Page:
Sugar, the gremlin lurking in your lattes and low-calorie yogurt, sneaks its way into all kinds of foods, both healthy and not. The food industry can’t help it. Sugar makes things taste good! That’s a biological fact.
But you probably thought that if anything was safe from sugar’s grasp, it was your deli meat sandwich. That savory sandwich must be one hundred percent sugar-free, you thought. Think again. Some of the crucial ingredients in these classic lunches contain secret sugars.
So, where is the sugar hiding in your turkey and cheese?
Well, a few places really. Condiments rely on sugar for a lot of their flavor. Not that you’re putting ketchup on your ham sandwich. But you might be adding honey mustard, barbecue sauce, or some other sugary slather.
Sugar source number two is bread. Many types of bread contain sugar — both from flour used to make it and from added sugars, in the case of some bread manufacturers. Your average slice of processed, store-bought bread can contain around 3 grams of sugar per slice.
But there’s another source you might not expect. Your deli meat might actually have added sugar.
But is that really so bad?
The nutrient — yes, sugar is technically a nutrient — is somewhat unavoidable. And unless you launch yourself into a life-consuming pursuit of eradicating sugar from your life, you probably eat a good amount of it every day.
A carbohydrate found in everything from cupcakes to carrots, sugar is not always harmful. So before you balk at the sugar folded between layers of whole wheat bread, there are a few things about sugar you should know.
First, not all sources of sugar are the same. Your body is going to digest the nutrients from a cookie a whole lot differently than it would from an apple. The sugars in the apple are natural sugars — you ingest them alongside fiber and other vitamins provided by the fruit. The cookie, on the other hand, doesn’t offer many vitamins or minerals alongside its sugary calories. It does, however, offer a ton of satisfaction — also super important to consider when you’re thinking about food.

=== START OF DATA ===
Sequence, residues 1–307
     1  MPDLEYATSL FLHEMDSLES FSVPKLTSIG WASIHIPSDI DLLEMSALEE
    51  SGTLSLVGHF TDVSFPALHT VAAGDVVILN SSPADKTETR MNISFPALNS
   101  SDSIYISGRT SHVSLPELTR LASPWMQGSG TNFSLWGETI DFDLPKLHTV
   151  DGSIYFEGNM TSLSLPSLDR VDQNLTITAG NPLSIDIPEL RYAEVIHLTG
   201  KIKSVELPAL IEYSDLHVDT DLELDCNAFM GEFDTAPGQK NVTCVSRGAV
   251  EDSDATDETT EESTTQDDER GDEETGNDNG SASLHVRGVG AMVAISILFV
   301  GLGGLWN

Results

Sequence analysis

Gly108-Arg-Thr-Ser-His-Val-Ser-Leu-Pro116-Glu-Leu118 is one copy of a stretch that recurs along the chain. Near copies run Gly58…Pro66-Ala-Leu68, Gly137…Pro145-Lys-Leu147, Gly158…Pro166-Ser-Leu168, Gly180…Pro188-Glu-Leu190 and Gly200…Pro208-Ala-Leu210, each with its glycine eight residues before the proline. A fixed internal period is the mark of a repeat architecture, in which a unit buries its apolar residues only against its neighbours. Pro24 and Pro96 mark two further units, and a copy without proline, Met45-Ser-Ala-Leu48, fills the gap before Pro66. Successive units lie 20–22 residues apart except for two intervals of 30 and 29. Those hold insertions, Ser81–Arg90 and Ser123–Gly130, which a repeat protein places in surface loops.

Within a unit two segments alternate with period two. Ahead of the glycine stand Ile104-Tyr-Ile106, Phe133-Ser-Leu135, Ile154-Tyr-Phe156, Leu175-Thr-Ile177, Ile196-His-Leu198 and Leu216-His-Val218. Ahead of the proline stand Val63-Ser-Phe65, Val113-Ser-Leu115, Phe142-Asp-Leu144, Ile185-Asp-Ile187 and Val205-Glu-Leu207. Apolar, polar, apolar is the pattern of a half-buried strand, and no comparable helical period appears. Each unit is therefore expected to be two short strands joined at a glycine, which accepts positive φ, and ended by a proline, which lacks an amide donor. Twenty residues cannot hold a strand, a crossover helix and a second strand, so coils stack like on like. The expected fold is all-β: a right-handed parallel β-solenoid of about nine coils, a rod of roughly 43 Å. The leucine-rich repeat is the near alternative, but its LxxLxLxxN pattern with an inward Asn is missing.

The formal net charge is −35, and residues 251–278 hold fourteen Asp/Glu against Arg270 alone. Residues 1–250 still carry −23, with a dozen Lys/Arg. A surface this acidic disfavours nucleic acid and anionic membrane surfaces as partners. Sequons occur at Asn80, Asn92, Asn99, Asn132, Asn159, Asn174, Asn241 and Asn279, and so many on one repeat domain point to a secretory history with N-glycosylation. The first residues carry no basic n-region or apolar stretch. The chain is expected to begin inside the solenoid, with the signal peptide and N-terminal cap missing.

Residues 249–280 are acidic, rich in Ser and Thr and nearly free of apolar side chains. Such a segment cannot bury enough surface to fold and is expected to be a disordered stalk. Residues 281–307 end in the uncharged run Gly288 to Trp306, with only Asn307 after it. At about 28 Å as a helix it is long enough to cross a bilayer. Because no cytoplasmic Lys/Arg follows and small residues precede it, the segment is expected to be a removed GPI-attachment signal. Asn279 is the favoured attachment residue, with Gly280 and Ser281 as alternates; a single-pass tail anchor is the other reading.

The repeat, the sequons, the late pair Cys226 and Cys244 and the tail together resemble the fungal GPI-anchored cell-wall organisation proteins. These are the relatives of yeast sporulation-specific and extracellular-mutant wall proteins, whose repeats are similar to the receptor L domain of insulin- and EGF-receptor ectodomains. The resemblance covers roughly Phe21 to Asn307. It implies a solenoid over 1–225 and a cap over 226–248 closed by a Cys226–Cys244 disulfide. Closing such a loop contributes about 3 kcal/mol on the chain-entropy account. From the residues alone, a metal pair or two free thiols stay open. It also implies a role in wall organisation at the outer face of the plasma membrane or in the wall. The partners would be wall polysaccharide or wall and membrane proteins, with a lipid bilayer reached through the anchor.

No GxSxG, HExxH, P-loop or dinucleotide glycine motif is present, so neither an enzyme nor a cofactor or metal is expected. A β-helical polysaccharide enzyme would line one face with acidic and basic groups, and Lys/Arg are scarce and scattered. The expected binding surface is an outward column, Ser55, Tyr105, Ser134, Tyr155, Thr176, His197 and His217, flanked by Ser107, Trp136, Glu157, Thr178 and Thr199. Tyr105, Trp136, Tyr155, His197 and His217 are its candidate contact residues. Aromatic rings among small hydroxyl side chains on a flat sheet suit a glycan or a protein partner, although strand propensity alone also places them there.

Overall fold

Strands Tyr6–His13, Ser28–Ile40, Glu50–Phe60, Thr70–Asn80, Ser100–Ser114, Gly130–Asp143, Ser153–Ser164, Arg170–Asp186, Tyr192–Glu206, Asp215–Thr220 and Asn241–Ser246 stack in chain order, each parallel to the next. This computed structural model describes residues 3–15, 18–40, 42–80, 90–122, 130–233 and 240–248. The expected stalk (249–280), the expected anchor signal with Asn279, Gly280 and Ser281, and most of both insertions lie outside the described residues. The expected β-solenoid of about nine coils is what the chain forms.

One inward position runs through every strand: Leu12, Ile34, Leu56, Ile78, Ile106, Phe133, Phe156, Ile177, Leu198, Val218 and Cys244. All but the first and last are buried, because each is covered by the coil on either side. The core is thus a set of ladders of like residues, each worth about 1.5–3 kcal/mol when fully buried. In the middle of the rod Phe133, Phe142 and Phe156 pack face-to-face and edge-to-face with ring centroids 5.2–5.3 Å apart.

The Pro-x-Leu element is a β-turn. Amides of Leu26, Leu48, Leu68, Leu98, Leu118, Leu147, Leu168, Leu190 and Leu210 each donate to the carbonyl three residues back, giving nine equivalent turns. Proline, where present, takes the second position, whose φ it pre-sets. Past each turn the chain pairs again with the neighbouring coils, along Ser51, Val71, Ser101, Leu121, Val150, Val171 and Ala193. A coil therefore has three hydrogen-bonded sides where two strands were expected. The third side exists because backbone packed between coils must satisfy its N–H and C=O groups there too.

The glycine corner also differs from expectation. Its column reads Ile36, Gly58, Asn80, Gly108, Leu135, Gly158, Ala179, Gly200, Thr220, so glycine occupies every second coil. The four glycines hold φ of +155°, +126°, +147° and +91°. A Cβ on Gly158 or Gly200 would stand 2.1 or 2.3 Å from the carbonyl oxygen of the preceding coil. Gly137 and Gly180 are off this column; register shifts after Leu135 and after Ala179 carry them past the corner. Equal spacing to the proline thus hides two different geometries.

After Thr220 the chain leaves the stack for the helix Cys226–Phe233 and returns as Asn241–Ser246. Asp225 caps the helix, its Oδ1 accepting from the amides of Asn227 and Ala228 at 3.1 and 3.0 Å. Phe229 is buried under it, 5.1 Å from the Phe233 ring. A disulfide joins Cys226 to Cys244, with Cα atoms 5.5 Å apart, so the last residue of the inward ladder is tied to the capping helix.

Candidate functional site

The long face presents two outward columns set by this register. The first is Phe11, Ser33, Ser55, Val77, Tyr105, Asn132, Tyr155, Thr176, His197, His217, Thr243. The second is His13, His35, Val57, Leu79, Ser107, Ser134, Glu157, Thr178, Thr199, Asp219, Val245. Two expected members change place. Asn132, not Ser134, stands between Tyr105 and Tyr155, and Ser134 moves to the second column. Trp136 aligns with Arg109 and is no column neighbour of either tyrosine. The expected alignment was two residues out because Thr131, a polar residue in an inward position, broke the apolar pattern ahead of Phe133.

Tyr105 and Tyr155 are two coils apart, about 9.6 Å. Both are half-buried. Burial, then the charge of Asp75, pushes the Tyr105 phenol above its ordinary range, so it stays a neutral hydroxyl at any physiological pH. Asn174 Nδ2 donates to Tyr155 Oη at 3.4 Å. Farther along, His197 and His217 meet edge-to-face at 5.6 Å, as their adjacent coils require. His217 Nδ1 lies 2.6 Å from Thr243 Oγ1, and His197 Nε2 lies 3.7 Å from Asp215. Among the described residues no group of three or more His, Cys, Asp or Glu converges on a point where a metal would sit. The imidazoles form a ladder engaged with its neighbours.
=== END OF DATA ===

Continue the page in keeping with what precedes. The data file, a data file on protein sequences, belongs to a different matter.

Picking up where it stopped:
It’s also important to consider the amount of sugar you’re talking about. Like, will the miniscule amounts of sugar from a dollop of mustard really make much of a difference? Probably not. A majority of the studies that link sugar to negative health consequences such as heart disease, diabetes, and cancer assess the effects of diets consistently high in sugar — they don’t say anything about the effects of individual grams of sugar, a one-time indulgence, or even moderate sugar consumption. So if you fall victim to sugar’s covert ops every now and then, you’re probably OK.
So, your deli meat is fine. The amount of sugar per serving is generally pretty small at between 0 and 3 grams. The sugar content only becomes excessive if you’re piling on layer after layer of sliced salami — which you might want to think twice about anyways.